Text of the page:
Etymology
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bide (v.)
Old English bidan "to stay, continue, live, remain," also "to trust, rely," from Proto-Germanic *bidan "to await" (source also of Old Norse biða, Old Saxon bidan, Old Frisian bidia, Middle Dutch biden, Old High German bitan, Gothic beidan "to wait"), which is of uncertain origin. Possibly from PIE root *bheidh- "to trust, confide, persuade" (via notion of "to await trustingly"). Preserved in Scotland and northern England, replaced elsewhere by abide in all senses except in expression bide (one's) time (c. 1840). Related: Bided; biding.
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bead (n.)

mid-14c., bede "prayer bead," from Old English gebed "prayer," with intensive or collective prefix *ge- + Proto-Germanic *bidam "entreaty" (source also of Middle Dutch bede, Old High German beta, German bitte, Gothic bida "prayer, request"), from PIE *bhedh- "to ask, pray," perhaps from a root meaning "to press, urge," hence "to pray."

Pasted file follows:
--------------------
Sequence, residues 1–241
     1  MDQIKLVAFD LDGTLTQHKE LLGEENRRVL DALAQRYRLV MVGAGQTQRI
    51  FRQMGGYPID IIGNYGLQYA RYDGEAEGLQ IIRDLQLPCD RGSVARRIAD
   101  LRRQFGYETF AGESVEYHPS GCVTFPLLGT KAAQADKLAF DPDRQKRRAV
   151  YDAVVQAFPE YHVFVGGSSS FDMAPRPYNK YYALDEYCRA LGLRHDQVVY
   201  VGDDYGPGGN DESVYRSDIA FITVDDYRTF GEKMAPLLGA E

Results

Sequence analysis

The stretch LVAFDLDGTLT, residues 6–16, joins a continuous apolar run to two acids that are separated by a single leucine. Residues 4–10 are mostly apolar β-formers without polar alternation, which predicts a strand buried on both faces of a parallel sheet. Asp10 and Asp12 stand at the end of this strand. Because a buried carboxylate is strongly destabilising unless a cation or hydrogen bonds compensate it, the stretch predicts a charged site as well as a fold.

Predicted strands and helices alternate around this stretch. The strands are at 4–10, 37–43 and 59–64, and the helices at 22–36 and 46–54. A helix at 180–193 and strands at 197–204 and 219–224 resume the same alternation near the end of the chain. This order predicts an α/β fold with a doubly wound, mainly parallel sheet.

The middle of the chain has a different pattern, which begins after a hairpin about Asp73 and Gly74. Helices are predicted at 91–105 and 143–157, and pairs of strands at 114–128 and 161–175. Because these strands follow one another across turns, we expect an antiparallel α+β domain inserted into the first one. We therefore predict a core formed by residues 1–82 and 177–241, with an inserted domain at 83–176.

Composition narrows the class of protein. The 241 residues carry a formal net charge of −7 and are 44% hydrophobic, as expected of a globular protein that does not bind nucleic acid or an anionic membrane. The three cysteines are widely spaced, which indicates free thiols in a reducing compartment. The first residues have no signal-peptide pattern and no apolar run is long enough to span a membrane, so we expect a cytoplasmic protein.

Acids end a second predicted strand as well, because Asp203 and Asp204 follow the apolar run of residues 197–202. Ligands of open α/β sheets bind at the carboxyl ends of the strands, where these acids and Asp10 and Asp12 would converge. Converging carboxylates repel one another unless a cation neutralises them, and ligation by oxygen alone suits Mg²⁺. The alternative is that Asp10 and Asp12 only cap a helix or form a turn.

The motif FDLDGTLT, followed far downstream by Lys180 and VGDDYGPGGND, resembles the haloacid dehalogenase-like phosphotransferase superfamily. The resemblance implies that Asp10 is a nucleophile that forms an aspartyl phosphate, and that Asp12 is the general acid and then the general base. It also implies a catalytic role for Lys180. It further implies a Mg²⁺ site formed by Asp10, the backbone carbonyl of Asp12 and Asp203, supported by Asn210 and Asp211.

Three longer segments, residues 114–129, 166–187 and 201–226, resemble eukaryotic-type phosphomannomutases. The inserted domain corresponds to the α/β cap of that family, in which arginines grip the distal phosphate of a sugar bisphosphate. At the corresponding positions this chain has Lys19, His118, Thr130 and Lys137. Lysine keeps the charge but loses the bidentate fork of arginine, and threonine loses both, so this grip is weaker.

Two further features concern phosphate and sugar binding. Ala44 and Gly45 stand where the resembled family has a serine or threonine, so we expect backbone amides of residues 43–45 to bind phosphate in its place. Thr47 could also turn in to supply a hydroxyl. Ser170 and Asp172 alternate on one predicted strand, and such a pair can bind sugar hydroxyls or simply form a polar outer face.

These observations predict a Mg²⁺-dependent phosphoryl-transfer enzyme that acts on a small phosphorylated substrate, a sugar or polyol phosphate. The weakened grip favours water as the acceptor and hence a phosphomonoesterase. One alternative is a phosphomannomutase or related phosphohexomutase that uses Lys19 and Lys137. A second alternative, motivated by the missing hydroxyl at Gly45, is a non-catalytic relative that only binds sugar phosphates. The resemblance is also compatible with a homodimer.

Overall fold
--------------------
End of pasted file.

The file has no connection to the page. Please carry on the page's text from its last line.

Shift in meaning came via rosary beads threaded on a string to count prayers, and in verbal phrases bid one's beads, count one's beads, etc. German cognate Bitte is the usual word for conversational request "please." Compare Spanish cuentas "the beads of a rosary," from contar "to count."

The word is also related to bid (Old English biddan) and Gothic bidjan "to ask, pray." Sense in Modern English was transferred to other small globular bodies, such as "drop of liquid" (1590s), "small knob forming front sight of a gun" (1831, Kentucky slang); hence draw a bead on "take aim at," 1841, U.S. colloquial.

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